Cars such as Ferrari GTC4Lusso will get a big price hike in China.
BEIJING — China is introducing a 10 percent tax on cars such as Ferrari GTC4Lusso, Bentley Bentayga and Aston Martin DB9 in a bid to combat conspicuous consumption and promote more fuel-efficient vehicles.
Buyers of autos costing 1.3 million yuan ($189,000) or more will be hit with the tax starting today, according to the Ministry of Finance. The levy on “super luxury” vehicles is meant to “guide reasonable consumption,” lower emissions and save energy, the ministry said in a statement on its website.
The tax is China’s latest move to tone down spending by the country’s growing ranks of wealthy consumers. While the additional cost will be a limited deterrent for people willing and able to spend vast sums on a car, it’s another drag on these vehicles just as they were showing signs of recovery amid President Xi Jinping’s calls for thriftiness. It also comes as the government considers extending a tax cut on smaller cars due to expire this month.
“The tax increase is a display of the government’s attitude of advocating frugality,” said Cui Dongshu, secretary-general of the Passenger Car Association. “The increase in taxes on luxury cars may help make the extension of the small-car tax cut more likely given it is in line with the government policy of promoting cars with better fuel economy.”
Carmakers played down the impact, saying the tax hike would only impact a small number of models, while executives said wealthy Chinese buyers were unlikely to be put off by a relatively marginal price hike on already expensive cars.
Manufacturers of ultra-luxury vehicles have been shifting their lineups in recent years to appeal more to Chinese buyers, who generally prefer large autos over sports cars. Rolls-Royce and Aston Martin are both planning their first SUVs, following Bentley’s lead with the Bentayga, which starts at 3.98 million yuan in China.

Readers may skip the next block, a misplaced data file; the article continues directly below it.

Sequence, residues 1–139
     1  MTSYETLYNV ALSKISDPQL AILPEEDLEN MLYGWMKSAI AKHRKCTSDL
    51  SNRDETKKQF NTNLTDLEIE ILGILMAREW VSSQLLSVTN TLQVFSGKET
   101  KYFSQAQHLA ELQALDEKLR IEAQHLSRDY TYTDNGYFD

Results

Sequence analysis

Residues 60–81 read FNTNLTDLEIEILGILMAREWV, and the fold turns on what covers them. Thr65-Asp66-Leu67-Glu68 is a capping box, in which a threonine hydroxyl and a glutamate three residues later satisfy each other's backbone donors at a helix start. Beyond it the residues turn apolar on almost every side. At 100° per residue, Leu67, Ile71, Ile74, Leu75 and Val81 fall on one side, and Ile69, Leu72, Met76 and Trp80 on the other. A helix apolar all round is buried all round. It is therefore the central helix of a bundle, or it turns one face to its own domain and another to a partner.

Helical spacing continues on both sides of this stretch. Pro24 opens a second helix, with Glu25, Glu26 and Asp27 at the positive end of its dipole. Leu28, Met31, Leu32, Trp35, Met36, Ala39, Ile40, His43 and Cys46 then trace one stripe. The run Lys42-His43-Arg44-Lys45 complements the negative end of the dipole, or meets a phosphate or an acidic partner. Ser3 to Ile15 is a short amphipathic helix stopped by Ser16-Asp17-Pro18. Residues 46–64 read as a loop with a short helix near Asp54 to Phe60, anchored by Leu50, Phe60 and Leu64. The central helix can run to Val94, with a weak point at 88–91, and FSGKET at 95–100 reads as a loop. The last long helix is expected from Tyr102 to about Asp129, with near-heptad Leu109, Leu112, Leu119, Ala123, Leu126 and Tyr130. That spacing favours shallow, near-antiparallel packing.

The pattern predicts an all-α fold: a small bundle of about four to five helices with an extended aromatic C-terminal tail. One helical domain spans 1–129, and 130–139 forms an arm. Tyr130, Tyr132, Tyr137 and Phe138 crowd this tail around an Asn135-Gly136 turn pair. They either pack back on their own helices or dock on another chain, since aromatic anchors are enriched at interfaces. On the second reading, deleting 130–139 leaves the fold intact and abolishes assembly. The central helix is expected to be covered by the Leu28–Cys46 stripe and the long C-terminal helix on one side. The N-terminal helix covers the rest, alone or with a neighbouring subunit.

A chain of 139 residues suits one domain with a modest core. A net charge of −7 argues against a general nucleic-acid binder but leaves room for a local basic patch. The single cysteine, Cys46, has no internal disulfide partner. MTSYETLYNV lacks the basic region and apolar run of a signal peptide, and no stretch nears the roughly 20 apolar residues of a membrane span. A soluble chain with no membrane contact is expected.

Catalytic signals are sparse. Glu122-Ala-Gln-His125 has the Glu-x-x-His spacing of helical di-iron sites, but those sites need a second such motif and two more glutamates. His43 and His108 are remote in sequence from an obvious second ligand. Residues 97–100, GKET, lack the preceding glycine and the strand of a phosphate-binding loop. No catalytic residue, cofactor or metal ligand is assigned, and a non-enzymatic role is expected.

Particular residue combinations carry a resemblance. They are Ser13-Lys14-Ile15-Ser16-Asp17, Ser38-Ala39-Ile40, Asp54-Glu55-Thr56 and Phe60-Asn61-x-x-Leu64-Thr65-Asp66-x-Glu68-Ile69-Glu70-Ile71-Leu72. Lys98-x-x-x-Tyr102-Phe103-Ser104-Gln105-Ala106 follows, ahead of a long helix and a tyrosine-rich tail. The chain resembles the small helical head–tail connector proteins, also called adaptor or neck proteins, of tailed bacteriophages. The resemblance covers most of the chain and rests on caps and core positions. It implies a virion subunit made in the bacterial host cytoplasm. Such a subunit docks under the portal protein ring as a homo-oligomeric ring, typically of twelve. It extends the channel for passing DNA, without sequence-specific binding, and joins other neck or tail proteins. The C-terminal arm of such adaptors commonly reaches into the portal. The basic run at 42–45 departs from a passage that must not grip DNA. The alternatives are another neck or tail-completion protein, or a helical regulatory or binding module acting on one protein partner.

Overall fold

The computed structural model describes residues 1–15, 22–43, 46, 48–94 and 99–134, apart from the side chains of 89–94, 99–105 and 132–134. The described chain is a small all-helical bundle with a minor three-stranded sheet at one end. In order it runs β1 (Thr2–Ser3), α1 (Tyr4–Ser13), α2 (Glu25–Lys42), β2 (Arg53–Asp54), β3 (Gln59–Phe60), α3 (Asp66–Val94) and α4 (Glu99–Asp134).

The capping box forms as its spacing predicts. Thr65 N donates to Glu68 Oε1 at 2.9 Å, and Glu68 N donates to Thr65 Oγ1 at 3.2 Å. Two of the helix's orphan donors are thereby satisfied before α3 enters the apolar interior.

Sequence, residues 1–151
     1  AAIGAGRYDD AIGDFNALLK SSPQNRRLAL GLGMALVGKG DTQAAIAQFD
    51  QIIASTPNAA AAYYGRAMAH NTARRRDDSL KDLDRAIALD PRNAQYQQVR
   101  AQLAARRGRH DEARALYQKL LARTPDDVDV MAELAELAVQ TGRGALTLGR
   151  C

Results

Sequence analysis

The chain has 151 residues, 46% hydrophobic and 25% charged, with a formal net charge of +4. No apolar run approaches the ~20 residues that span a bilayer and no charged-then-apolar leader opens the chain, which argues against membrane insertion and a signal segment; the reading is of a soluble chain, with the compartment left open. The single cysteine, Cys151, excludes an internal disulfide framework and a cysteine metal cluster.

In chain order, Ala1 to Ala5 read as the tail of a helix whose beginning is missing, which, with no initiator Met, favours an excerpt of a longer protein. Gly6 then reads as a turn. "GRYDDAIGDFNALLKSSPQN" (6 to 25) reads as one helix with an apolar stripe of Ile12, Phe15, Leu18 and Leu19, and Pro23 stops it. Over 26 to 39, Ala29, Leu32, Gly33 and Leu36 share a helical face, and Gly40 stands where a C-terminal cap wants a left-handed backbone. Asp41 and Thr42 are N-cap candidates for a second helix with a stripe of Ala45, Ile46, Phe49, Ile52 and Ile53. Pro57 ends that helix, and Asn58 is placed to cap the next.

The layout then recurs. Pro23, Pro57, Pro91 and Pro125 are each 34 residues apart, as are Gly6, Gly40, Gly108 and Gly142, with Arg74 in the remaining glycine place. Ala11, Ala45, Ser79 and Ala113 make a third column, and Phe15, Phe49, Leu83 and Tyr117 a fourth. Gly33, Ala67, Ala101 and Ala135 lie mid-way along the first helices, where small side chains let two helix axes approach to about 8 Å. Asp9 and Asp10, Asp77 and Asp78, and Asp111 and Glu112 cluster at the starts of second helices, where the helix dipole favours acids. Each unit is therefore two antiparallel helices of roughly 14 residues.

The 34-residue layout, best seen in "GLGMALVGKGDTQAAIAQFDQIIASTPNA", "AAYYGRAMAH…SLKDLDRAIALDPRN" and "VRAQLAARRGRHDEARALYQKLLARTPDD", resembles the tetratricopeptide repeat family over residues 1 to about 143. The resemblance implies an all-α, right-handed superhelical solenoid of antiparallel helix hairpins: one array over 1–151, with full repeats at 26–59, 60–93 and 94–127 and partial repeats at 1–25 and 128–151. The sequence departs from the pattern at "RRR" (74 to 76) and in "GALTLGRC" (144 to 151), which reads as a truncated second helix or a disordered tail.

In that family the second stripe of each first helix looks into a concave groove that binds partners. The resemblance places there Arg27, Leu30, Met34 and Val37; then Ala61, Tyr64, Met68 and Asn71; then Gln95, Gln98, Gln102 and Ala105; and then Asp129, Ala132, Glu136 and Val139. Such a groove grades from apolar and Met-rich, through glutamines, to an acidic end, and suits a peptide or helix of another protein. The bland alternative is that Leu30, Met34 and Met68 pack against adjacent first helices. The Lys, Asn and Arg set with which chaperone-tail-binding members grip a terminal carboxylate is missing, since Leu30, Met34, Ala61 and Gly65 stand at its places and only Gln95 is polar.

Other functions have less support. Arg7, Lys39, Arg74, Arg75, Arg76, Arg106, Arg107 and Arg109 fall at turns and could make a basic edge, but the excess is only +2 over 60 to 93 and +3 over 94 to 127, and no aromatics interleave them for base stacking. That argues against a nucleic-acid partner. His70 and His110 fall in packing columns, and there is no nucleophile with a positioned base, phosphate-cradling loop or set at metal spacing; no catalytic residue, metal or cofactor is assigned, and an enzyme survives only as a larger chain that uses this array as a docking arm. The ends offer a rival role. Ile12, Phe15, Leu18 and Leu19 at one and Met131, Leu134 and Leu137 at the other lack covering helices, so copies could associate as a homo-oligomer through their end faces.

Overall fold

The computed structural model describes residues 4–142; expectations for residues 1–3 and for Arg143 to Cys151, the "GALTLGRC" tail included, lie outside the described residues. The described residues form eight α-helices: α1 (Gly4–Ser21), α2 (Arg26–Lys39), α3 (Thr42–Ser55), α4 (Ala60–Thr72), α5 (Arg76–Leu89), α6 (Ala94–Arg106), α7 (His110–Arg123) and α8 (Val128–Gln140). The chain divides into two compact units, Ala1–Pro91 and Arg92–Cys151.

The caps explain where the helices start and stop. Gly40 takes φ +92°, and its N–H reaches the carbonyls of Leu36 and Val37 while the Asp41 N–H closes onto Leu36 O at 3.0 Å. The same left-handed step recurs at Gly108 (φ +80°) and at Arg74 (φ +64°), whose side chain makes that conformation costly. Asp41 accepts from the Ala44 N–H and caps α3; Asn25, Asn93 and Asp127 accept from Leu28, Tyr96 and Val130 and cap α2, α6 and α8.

Lamborghini, which counts China as its second-biggest market, sold more than 2,000 vehicles through June this year, a record tally for the carmaker. The Italian supercar maker also is planning to begin sales of the Urus SUV next year.
Analysts and carmakers said the higher tax rate would likely have only a limited impact on mainstream luxury brands such as Mercedes-Benz, Audi and BMW that dominate China’s premium car market segment.
“The majority of our business will not be impacted. But because this was just announced yesterday, we are still evaluating to see what impact we might see on our business,” a Beijing-based BMW spokesman said. He added that only “a small portion” of the cars BMW sells in China were priced above 1.3 million yuan.
Audi said that cars above 1.3 million yuan made up less than one percent of its deliveries in China. “Emotion and status are significant drivers for the upper premium segment. The effect on deliveries should be limited as the new tax rate concerns all manufacturers,” the carmaker said.
Mercedes-Benz did not respond to requests for comment.
Aston Martin “constantly adjusts to specific conditions in the markets in which we do business, and will do so for this taxation change in China,” a spokesman said. A spokesman at McLaren Automotive declined to comment beyond saying the carmaker was aware the Chinese government had been considering the move.
Reuters contributed to this report
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